Monday, March 18, 2013

Nanook and Palo

Nanook of the North and The Wedding of Palo, and other Films of Arctic Life

Flicker Alley, $44.95

Reviewed by Russell A. Potter

Some years ago, I was at a conference on Arctic films at Nipissing University when I heard an intriguing paper by the Greeenlandic scholar Erik Gant. His talk took aim at the curious bifurcation in filmed portrayals of Eskimo peoples, using Robert Flaherty's 1922 Nanook of the North and Friedrich Dalsheim's 1934 The Wedding of Palo as its bookends.  The title of his talk was "Good and Bad Eskimos" -- and as I listened I realized I'd only seen half, or rather less than half of the important films depicting Inuit life, since I'd never seen, or even heard of Palo.

My ignorance was remedied, in part at least, later in the conference, when we watched almost all of a 16mm print of Palo that Dr. Gant had brought with him from Denmark (the conference organizers, unforgivably, shut down the film over time concerns before it had concluded). In the years since, I've often shared this film with my students in my Northern Exposures course on Inuit/European contact narratives, but the best I could show them was a badly-transferred VHS version with fuzzy subtitles that could hardly be read. Now, thanks to the marvellous -- and meticulous -- work of the folks at Flicker Alley, I can now show both films side-by-side in dazzling Blu-Ray transfers, and that's not all. This current set includes several other previously hard-to-see -- and, in some cases, impossible-to-see films of this era, revealing for the first time that Nanook, despite its considerable merits, never stood alone; in fact it was preceded and followed by many other films that sought to place before viewers what Nanook's promoters called "the Actual Arctic." Indeed, this release is the most wide-ranging, historically significant, and beautifully presented set of Arctic films ever made available for home viewing.

Some context is needed, however, to set these films in their historical place.  To that end, there is Lawrence Millman's essay on The Wedding of Palo, which is, as his writings always are, deftly written, salted with humor, and impeccably researched. Indeed, Millman's references to Nanook are more informative than Flaherty's own piece on how he made the film (also included), which is riddled with painful condescension (he refers to his cast as "my Eskimos") and half-truths. Palo shines forth above all the other films in this set, despite its filmmaker's somewhat romanticizing tendencies -- it is simply magnificent. Its amateur actors, all East Greenlandic Inuit, do a remarkable job with the story, considering that this means of telling a tale was entirely new to them. The scene of the piseq (drum-dance battle) between Samo and Palo is one of the great moments in the history of cinema; the reaction of the sea of faces, from children to the aged, to each development in the duel is a symphony of laughter, ridicule, and (eventually) shock. The story may be a loose fabrication, but it's one the actors intuitively grasped, and brilliantly portray. Indeed, as Millman notes, it may aptly be said that Nanook is a fiction film disguised as a documentary, while Palo is a documentary disguised as a fiction film.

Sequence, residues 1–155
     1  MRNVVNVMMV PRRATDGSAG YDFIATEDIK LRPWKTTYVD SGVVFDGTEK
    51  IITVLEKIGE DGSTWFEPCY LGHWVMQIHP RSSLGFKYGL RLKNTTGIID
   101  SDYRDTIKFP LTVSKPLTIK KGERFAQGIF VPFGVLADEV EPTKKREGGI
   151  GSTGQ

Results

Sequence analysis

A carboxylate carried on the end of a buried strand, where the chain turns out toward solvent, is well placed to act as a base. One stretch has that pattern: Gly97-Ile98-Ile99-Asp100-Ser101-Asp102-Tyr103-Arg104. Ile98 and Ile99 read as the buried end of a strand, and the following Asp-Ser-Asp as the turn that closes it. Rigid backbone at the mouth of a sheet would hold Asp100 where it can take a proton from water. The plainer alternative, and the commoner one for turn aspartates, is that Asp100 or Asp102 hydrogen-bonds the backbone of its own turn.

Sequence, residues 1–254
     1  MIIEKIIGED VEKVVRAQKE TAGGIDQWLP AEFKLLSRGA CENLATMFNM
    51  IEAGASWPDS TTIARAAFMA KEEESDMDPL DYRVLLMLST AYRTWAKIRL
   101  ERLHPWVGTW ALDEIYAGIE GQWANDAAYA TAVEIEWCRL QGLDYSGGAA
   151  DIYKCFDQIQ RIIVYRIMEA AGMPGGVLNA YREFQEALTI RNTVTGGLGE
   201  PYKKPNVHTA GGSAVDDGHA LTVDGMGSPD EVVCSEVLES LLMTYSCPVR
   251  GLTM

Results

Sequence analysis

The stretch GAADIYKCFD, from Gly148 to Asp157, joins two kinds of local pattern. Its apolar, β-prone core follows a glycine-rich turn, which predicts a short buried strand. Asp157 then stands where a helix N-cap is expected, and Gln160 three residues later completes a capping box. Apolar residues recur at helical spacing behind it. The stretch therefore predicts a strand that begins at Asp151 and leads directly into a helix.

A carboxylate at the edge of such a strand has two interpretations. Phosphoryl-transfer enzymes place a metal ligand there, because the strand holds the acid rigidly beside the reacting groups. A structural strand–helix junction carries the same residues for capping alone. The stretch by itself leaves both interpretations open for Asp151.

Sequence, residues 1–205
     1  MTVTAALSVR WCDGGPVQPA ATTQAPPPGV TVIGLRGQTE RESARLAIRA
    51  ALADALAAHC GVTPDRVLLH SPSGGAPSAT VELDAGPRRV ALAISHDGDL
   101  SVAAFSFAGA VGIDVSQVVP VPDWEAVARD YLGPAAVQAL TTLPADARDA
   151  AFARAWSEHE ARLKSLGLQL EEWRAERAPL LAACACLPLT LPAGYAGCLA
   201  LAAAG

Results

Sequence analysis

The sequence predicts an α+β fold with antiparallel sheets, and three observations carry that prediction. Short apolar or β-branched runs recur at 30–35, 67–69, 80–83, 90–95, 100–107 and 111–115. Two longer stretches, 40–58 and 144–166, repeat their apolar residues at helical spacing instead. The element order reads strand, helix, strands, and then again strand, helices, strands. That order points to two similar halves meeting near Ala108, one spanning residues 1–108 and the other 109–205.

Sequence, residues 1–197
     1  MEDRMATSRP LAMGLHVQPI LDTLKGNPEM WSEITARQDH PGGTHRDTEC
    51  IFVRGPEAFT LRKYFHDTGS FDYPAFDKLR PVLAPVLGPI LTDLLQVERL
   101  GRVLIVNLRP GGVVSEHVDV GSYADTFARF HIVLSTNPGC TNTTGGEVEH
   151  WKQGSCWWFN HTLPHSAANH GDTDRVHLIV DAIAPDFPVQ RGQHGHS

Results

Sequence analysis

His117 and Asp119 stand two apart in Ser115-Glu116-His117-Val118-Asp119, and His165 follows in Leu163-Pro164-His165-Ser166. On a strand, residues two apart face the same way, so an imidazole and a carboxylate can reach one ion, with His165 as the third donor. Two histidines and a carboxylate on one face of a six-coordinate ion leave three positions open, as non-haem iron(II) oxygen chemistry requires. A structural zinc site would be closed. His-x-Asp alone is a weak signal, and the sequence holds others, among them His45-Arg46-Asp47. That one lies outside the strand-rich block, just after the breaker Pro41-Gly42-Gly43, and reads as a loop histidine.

Of Nanook, I don't think too much more needs to be added here -- the Blu-Ray transfer in this set is from the same source as the old Criterion DVD, only sharper, and with a more luminous luster, as seen in these screen captures. Included on its disc is the television documentary Nanook Revisited (Saumialuk) by Claude Massot, an interesting but incomplete glimpse into some of the communities where Flaherty sojourned. Some (now well-known) truths about the film are revealed -- Nanook's real name was Allakariallak, and "his" wives were actually Flaherty's mistresses; the film crew finds and interviews the widow of one of Flaherty's sons, but gets very little out of her; one senses a sort of disconnect between the film crew and the Inuit.  Another bonus feature of interest is the short 1928 educational film "Houses of the Arctic," which re-frames the "igloo building" sequence from Nanook with wordy title-cards devised by Harvard professors seeking to make a lasting impression on young minds.